Incidence of Malaria in Type 2 Diabetic patients and the effect on the liver: a case study of Bayelsa state  

Ndiok E. O. , Ohimain E. I. , Izah S. C.
Department of Biological Sciences, Faculty of Science, Niger Delta University, Wilberforce Island, Bayelsa state, Nigeria
Author    Correspondence author
Journal of Mosquito Research, 2016, Vol. 6, No. 15   doi: 10.5376/jmr.2016.06.0015
Received: 23 Mar., 2016    Accepted: 12 May, 2016    Published: 10 Jun., 2016
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This is an open access article published under the terms of the Creative Commons Attribution License, which permits unrestricted use, distribution, and reproduction in any medium, provided the original work is properly cited.
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Ndiok E.O., Ohimain E.I., and Izah S.C., 2016, Incidence of malaria in type 2 diabetic patients and the effect on the liver: a case study of Bayelsa State, Journal of Mosquito Research, 6(15): 1-8 (doi: 10.5376/jmr.2016.06.0015)


Malaria and diabetics are common diseases especially in tropical countries. The study was carried out to assess the effect on the liver of Type 2 diabetics with malaria using Type 2 diabetics without malaria and non-diabetics with/without malaria as control subjects. Two hundred persons participated in this study, comprising of 100 diabetics (50 type 2 diabetics with malaria and 50 type two diabetics without malaria) and 100 non diabetics (50 non diabetics with malaria and 50 non diabetics without malaria). Samples was collected and analyzed for blood sugar, malaria parasite and liver function tests using standard procedures. Mean result for diabetics with malaria, diabetes without malaria, non-diabetes with malaria and non-diabetes without malaria were 4.47, 4.73, 5.16 and 4.46 mmol/L respectively (conjugated bilirubin), 19.04, 15.85 24.02 and 19.76 respectively iu/L (alkaline phosphatase), 39.78, 40.70, 40.05 and 38.10 g/L respectively (albumin), 68.90, 69.68, 69.18 and 71.06 g/L respectively (total protein), 5.96, 7.96, 7.32 and 6.24 mmol/L respectively (total bilirubin), 7.44, 6.08, 6.60 and 6.76 IU/L respectively (Alanine transaminase), 7.29, 6.69, 10.43 and 7.41 IU/L, respectively (Aspartate transaminase). The mean malaria parasite was 2376.83 and 2943.23 parasite numbers/μL for Type 2 diabetes and Non-diabetics patients, respectively. The Fasting blood glucose from the Type 2 diabetes and Non-diabetics patients was 6.92 and 3.89 mmol/L respectively. Analysis of variance showed that there were no significant differences (P>0.05) among the various treatment apart from alkaline phosphatase for liver function test. Also significant variation (P<0.05) exist for malaria parasite count and fasting blood sugar. All liver function parameters apart from alkaline phosphatase were within the normal range for both diabetics with and without malaria and non-diabetics with and without malaria. The increased alkaline phosphatase in both Type 2 diabetics and non-diabetics with malaria indicates that individuals with severe malaria parasitaemia and other complications such as diabetics may be at risk of liver impaired.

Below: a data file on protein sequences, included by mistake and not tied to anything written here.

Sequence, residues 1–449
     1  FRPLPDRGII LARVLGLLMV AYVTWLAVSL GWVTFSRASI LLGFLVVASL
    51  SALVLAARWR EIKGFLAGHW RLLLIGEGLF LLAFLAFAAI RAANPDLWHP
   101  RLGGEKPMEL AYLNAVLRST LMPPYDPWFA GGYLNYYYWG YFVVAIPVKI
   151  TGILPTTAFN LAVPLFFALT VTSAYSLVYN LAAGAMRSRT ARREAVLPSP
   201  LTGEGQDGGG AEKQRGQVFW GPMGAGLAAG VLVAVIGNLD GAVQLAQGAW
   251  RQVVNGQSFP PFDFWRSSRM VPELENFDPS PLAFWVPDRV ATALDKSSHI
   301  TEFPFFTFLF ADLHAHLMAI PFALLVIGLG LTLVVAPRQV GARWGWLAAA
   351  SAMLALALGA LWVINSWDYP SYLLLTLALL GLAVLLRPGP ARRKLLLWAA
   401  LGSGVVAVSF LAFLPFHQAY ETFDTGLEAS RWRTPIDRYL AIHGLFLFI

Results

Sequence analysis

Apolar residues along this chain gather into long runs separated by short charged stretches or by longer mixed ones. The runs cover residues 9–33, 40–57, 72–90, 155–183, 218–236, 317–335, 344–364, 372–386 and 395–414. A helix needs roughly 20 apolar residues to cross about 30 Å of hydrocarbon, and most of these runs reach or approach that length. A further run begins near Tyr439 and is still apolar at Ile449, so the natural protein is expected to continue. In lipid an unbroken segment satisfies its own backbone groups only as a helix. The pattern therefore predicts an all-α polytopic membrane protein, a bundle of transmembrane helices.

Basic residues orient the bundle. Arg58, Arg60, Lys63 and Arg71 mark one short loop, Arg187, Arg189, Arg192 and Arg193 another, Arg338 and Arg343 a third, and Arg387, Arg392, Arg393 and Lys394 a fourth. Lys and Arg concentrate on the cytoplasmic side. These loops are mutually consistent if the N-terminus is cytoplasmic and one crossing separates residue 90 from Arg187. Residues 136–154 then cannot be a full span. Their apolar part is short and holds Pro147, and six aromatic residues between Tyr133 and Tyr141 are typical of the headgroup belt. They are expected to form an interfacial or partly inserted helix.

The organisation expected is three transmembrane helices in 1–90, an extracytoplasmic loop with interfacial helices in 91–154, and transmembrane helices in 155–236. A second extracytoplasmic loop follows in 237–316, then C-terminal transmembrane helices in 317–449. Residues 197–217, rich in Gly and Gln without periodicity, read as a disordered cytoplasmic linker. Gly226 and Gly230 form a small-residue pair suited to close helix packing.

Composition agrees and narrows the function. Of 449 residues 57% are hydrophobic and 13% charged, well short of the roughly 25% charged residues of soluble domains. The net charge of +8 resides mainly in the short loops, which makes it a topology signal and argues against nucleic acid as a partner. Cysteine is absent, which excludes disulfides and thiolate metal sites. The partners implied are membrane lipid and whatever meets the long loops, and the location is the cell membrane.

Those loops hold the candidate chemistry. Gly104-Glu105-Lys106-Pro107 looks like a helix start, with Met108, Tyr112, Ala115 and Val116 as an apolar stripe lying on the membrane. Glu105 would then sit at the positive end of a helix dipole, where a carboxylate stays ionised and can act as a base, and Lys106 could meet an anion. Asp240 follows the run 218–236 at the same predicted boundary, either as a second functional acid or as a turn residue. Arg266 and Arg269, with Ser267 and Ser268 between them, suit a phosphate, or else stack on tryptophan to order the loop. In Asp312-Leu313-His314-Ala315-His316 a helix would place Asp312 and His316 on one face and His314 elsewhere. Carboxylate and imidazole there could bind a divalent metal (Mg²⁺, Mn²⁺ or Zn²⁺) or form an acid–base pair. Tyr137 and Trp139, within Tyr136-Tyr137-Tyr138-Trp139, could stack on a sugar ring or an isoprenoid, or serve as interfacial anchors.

Diabetics; Human Health; Liver; Malaria; Mosquitoes
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